On Not Having The New York Fight In You

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I’d never spent significant time on my own in New York. I’d always had a friend or two to tag along with and let them do the heavy lifting of navigating and restaurant choosing and boss me around like that. In a city as big and intimidating as New York can be, I’ve always preferred to have a friend.

But now I am here mostly alone, and wandering. I enjoy it, mostly. I wake up alone in a bleachy hotel bed and I move about streets and avenues just like everyone else, listening to them patter on in a thousand different languages. I move between the humid blast of the subway, forward, right up my skirt like a hot, needy hand and the cold, shrill shriek of stores’ air conditioners.

I don’t love New York. It took too much from me, once long ago. But I don’t hate it, either; I guess at the root I was willing to give. New York and I played tug-of-war with hearts.

I thought, when I was young, that this is where I would end up. That I’d be Carrie Bradshaw or Dorothy Parker or one of those heroines girl writers often choose to emulate. I’d write essays for “Elle.” I’d have the word “editor” preceding my name. But it wasn’t where I landed.

I chose, instead, to stay where I was, to plant down my roots real deep and instead dream about filling up houses and walking dogs and having babies. It was a traditionalist bone I didn’t know I had. I do not have the New York fight in me; I am soft, farm-raised, a girl who prefers her adventures close to home.

I draw deep breaths in New York. New York smells industrial. It smells like a man I really, really want to love but his primal, human odor doesn’t mix right in my nose. At the root, you have to connect on that down and dirty level to make it work. People and places have their scents and we all pick up different notes. A perfume that smells like violets and the blue hues of evening to me might smell like musty air to you.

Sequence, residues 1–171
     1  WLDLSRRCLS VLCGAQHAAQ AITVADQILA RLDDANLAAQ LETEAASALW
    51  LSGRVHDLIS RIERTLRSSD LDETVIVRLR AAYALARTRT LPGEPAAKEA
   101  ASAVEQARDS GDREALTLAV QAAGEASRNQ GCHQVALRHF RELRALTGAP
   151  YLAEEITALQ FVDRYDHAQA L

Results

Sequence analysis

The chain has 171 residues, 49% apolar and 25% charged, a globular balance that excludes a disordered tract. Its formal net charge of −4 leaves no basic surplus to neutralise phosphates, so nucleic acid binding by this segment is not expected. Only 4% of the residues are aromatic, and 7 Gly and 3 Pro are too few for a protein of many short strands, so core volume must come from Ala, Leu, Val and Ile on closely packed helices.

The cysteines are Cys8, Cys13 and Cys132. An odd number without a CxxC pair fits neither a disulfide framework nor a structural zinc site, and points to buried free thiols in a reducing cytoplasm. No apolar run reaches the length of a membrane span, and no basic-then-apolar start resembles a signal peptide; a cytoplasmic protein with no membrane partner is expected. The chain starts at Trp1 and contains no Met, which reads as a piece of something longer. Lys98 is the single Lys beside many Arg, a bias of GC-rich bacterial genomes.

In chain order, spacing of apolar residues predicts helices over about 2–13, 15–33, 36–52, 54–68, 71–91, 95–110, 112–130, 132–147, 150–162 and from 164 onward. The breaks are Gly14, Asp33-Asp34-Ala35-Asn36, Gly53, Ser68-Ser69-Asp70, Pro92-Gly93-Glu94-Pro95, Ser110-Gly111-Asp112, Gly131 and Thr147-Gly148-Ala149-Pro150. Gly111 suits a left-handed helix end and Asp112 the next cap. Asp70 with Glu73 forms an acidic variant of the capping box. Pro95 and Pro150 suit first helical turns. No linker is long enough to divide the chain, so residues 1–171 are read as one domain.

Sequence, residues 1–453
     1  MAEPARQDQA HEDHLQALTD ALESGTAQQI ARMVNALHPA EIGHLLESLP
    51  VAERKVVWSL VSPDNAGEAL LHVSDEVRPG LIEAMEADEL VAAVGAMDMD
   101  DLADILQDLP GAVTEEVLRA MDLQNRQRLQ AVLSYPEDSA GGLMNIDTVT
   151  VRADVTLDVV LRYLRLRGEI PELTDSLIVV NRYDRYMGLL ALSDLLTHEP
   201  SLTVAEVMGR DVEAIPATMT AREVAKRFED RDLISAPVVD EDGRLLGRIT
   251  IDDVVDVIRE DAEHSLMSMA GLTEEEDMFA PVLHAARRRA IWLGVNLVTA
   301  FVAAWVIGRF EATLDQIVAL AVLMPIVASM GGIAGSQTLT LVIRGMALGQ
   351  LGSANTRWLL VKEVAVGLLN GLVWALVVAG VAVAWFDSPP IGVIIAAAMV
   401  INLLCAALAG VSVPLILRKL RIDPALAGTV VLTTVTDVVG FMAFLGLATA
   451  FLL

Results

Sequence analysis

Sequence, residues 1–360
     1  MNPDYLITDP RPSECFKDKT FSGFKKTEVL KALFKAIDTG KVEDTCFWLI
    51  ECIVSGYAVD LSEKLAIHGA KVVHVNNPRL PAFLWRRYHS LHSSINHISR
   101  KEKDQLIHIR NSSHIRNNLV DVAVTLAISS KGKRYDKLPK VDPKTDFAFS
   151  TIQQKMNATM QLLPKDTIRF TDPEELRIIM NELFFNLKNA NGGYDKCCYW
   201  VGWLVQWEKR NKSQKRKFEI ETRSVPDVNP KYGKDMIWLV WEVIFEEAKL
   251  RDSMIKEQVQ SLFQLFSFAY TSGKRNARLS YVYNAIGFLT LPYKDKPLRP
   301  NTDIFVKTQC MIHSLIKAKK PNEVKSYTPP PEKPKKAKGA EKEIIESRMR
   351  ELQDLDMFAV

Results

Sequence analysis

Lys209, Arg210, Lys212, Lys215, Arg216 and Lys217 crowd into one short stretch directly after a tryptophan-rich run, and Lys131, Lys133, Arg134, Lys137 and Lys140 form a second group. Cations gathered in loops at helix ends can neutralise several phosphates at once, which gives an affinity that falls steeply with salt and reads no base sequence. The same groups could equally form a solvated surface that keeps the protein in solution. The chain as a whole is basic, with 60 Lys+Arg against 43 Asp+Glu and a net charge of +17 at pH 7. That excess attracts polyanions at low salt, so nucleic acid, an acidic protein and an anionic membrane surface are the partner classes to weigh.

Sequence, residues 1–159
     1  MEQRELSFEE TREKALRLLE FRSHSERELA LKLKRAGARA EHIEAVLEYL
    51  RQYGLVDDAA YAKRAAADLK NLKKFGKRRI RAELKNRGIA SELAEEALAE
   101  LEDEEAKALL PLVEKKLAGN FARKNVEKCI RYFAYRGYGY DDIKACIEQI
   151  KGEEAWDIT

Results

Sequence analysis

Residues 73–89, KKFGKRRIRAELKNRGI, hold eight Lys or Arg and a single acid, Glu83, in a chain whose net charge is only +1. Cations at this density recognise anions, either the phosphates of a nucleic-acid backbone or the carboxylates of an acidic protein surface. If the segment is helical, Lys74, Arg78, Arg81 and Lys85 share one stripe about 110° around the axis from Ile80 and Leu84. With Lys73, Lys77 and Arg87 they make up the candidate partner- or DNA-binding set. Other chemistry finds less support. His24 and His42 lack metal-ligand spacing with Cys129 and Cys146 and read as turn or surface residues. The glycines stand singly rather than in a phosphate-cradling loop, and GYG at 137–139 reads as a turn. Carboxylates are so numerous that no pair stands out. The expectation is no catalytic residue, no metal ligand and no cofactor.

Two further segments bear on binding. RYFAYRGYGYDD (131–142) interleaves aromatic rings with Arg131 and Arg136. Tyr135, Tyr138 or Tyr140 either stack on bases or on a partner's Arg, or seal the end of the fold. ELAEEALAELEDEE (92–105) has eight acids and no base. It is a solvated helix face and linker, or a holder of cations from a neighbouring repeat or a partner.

I categorize the places that have enchanted me. Minneapolis smells clear, earnest. Minnesota smells like the moon walking on the water. Los Angeles smells electric, like cars and weed and piss and jasmine. North Dakota and its farms where I grew up smell profound as only your childhood idylls can smell profound. It smells like space, like snow. North Dakota smells vast. It’s huge, as New York is. They both make you feel small, they both make you feel giant.

I get caught in that space between open, open, open and full.

You can feel lonely anywhere, I guess, even with people surrounding you on all sides. When I’m in New York, I can’t stop thinking that there are people above, below and left and right of me no matter where I go. Is it lonelier in crowds or on your own?

New York pulls big needy, lonely nostalgic strings. It jabs at me, reminding me of years-ago heartbreak, a boy who packed up and left my arms for the steely ones of the city.
“Remember that you were never enough,” it still says with each taxi whoosh and pigeon swoosh and baby crying.

That night in June, I felt his going, the weight of his decision in each breath he took. It made me feel shuddery at all my seams. It still pulls heavy at my heart sometimes.

I’d heard everything in New York: shouting, honking, loving, laughing, a girl crumpled and crying against a bookstore wall. I’d seen everything, when my eyes weren’t looking at my phone. But all I could smell in the heart of that crazy pumping, thrashing city was my own flawed, lonesome self, flailing around caught between stop and go. Thought Catalog Logo Mark

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